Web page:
Catholic Pacifist Socialism: An Excerpt from Benjamin J. Salmon's Court Martial Proceedings

Ben Salmon, American, Catholic, conscientious objector, and socialist.

[Benjamin J. Salmon (1888-1932): “Salmon was born and raised in a working-class Catholic family, and became an office clerk with the Colorado and Southern Railroad. Outraged by the Ludlow Massacre, he became more active in populist causes such as unionism and the single tax. When President Woodrow Wilson ordered a draft, Salmon was one of a number of Americans to refuse to cooperate.” (Wikipedia) Likewise, Ben Salmon was also a fierce critic of traditional Just War Theory within the Church. Many of his writings, such his letters to President Woodrow Wilson, his defense of his pacifism, and pamphlets such as Tax the Rich to Pay for the War and Killing The Wrong Men can be found here and on the Internet Archive.]

Q. You are Benjamin J. Salmon, the accused in this case?

A. Yes sir.

ACCUSED: Now, if I do not pursue this properly, if you will Just inform me.

I wish to testify that, concerning Charge 1, Specification 1, desertion, I was illegally drafted into the service, illegally inducted. I did hot answer the summons because it was unlawfully drawn, did not state the facts, and if I had answered it I would thereby violate the jurisdiction of the Federal court of Colorado, and at the same time jeopardize the interests of my bondsmen. I had, a few months previously, been sentenced to nine months in the county jail at Denver for refusing to answer the questionnaire, released on twenty-five hundred dollar bond on an appeal taken to the upper court, the Circuit Court of Appeals. Rule XIII of the Selective Service Regulations, which I will read later on to save burdening the record, provides that in case, among others, of anyone out on bond, they shall be placed at the bottom of Class IV until the final disposition of their case, and the intent of that provision is obvious, because if anyone could be taken at random and placed into the army they would thereby be removed from the jurisdiction of the particular court that had them in custody, and also in the case of anybody so handled, they would jeopardize the interests of their bondsmen, whether the bond would be twenty-five hundred dollars, or a thousand dollars, or ten thousand dollars. As I did not belong to the army, I could not desert it, and I gave notification of where I could be found in case the authorities wished to apprehend me. When I was taken into custody, removed to Fort Logan, I endeavored to place the facts in the case before the commanding officer, but he would not permit it. I had only seven days in which to take an appeal to the district board. I was subsequently transferred to Camp Funston, Kansas, on the 22nd day of May, and again I attempted to acquaint the authorities of the facts in the case, that they might know the exact status. I was denied this opportunity, kept in the guard house for a considerably greater length of time than that in which I was allowed to make the appeal.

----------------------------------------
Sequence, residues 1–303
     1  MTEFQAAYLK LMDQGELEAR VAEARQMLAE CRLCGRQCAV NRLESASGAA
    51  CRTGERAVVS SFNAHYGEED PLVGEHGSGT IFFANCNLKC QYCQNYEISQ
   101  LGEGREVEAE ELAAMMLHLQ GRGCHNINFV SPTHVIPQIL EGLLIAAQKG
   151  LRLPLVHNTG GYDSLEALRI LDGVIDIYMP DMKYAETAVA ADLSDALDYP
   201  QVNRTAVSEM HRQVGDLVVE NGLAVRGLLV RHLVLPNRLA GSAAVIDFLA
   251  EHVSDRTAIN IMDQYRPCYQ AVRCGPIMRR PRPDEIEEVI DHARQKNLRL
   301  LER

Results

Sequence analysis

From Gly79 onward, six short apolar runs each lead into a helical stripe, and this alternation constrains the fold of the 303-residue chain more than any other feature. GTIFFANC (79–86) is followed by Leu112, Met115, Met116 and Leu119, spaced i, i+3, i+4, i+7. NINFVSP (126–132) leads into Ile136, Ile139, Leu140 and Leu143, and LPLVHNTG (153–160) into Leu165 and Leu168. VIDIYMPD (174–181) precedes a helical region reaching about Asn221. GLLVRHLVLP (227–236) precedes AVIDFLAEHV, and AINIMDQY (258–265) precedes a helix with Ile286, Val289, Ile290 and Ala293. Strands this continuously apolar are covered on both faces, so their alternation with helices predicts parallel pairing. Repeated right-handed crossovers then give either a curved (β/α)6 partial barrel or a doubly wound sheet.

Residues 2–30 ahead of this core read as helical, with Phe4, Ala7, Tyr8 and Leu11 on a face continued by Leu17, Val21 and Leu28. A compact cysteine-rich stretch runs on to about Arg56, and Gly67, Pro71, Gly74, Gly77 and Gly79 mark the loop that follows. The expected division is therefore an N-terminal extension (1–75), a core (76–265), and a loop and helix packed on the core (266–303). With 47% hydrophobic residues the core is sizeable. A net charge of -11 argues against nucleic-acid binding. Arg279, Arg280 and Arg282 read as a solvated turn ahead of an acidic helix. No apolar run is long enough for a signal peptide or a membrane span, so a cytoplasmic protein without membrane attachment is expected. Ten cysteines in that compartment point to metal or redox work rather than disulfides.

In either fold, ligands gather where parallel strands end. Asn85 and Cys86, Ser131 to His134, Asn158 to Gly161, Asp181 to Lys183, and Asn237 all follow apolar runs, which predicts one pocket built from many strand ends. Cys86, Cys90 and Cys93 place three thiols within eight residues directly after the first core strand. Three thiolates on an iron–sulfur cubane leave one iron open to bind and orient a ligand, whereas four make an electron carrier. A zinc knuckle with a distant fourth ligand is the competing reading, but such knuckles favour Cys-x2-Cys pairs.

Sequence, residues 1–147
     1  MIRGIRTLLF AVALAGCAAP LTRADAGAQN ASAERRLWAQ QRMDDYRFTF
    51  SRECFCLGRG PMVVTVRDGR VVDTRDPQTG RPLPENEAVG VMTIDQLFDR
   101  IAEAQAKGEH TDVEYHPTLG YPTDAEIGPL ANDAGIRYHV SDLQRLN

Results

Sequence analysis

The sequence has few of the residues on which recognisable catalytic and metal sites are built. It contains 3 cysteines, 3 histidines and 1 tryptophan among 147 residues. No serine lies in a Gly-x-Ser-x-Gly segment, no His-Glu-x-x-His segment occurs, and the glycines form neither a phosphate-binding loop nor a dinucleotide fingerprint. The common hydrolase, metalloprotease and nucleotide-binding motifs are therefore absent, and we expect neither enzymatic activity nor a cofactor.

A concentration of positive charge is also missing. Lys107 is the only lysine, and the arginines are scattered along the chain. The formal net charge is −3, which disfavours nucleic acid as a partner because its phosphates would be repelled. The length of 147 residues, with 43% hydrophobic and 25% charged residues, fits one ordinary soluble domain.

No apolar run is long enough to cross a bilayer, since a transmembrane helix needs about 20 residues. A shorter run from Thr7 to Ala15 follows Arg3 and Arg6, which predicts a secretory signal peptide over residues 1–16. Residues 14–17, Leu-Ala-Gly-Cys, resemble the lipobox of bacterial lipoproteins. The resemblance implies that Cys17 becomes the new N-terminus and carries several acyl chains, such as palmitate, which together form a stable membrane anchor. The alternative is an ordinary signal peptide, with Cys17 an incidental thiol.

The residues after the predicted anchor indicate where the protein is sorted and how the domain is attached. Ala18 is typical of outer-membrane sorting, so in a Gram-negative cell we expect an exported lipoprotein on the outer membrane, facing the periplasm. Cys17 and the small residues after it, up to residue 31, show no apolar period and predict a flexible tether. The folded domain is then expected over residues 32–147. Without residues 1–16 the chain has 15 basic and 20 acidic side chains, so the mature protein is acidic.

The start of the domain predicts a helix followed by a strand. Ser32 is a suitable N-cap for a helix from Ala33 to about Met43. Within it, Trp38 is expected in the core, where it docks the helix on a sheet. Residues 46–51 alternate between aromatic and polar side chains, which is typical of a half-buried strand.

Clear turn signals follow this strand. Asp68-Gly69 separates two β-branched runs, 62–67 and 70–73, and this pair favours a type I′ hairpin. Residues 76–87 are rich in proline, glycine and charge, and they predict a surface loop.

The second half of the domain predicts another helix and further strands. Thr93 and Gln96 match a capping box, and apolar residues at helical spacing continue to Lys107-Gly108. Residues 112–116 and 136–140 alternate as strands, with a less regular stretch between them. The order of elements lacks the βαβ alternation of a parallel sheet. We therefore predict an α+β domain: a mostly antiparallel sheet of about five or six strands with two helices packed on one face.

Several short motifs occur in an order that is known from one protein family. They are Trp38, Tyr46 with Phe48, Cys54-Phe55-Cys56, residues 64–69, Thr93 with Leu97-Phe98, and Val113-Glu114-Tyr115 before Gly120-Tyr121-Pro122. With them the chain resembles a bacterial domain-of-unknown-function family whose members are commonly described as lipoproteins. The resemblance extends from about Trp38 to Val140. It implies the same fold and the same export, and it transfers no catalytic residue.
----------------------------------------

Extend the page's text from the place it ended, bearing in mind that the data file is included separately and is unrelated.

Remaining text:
According to the Manual for Courts-Martial, only those legally drafted into the service are subject to the Articles of War, and subject to the jurisdiction of the military authorities, and for that reason I did not consider myself at any time, nor do I now consider myself as subject to your jurisdiction. I did not consider any of the army officers as my superior officers, but I have always endeavored to the best of my ability to be respectful and courteous towards them, although there have been instances that would try a the patience of any man, in or out of the army. Concerning this particular specification of Charge 2, Violation of the 63rd Article of War, I did not behave myself with disrespect toward Captain Jackson R. Day. Moreover, I did not consider him my superior officer, nor did I, as charged, contemptuously leave him after speaking to him and smiling and laughing in a cynical manner in the presence of other enlisted men who were standing nearby. On this particular morning I was called into the office of Lieutenant Wigbels. Captain Day asked me my name, my religion, why I would not go to war. He asked me if I was a Socialist, and I said, “It depends upon what you mean by a Socialist.” The reason I gave him that answer is, because a thousand people will have a thousand different conceptions of Socialism, and that is particularly true in the Catholic Church, of which I am a member. Ordinarily, Catholics have a horror of the very word “Socialism”, but my conception of Socialism, and the reason I made that answer to Captain Day, saying, “It depends upon what you mean by a Socialist”,— my conception of Socialism is merely the Brotherhood of Man, as Christ taught.

Then when he asked me if I carried a red card in the Socialist party, I told him “yes”. He said, “That is all”, but he gave a demonstration of being angered by the fact that I was a member of the Socialist Party. Whether he was mad or not, I do not know, but he so exhibited himself. When he said, “That is all” I left his office,~ left that office, rather,- it was Lieutenant Wigbels’ office, and as I passed along, going towards the door, quite a number of my comrades were seated around there, and I did, as I have been in the habit of doing, –I guess as everybody is in the habit of doing when they meet friends of theirs, — I merely looked in their direction and smiled and nodded and walked out.